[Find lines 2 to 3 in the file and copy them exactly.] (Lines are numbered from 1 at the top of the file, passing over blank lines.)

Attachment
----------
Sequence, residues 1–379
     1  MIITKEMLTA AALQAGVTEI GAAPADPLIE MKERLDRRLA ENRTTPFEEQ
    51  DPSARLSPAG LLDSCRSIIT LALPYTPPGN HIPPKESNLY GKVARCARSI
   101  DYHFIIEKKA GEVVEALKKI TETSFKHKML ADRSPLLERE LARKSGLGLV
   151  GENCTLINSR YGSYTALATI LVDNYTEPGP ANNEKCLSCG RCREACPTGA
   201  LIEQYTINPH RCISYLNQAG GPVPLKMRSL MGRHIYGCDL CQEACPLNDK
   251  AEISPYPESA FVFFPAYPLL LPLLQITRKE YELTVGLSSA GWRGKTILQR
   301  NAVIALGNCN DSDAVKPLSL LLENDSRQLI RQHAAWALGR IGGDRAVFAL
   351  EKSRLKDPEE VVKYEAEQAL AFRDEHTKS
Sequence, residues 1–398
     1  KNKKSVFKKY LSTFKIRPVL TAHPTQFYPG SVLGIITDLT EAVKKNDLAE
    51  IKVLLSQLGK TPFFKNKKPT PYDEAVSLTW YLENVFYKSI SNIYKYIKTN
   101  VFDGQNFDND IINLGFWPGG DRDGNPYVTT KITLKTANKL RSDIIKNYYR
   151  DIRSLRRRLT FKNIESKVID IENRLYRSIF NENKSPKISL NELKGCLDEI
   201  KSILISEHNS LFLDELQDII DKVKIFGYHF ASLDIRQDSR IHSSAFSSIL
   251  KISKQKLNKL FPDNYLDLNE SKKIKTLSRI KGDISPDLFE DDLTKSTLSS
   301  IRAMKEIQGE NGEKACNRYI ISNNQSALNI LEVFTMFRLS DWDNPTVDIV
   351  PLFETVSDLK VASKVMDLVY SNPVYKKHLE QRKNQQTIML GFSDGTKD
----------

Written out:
     1  MIITKEMLTA AALQAGVTEI GAAPADPLIE MKERLDRRLA ENRTTPFEEQ
    51  DPSARLSPAG LLDSCRSIIT LALPYTPPGN HIPPKESNLY GKVARCARSI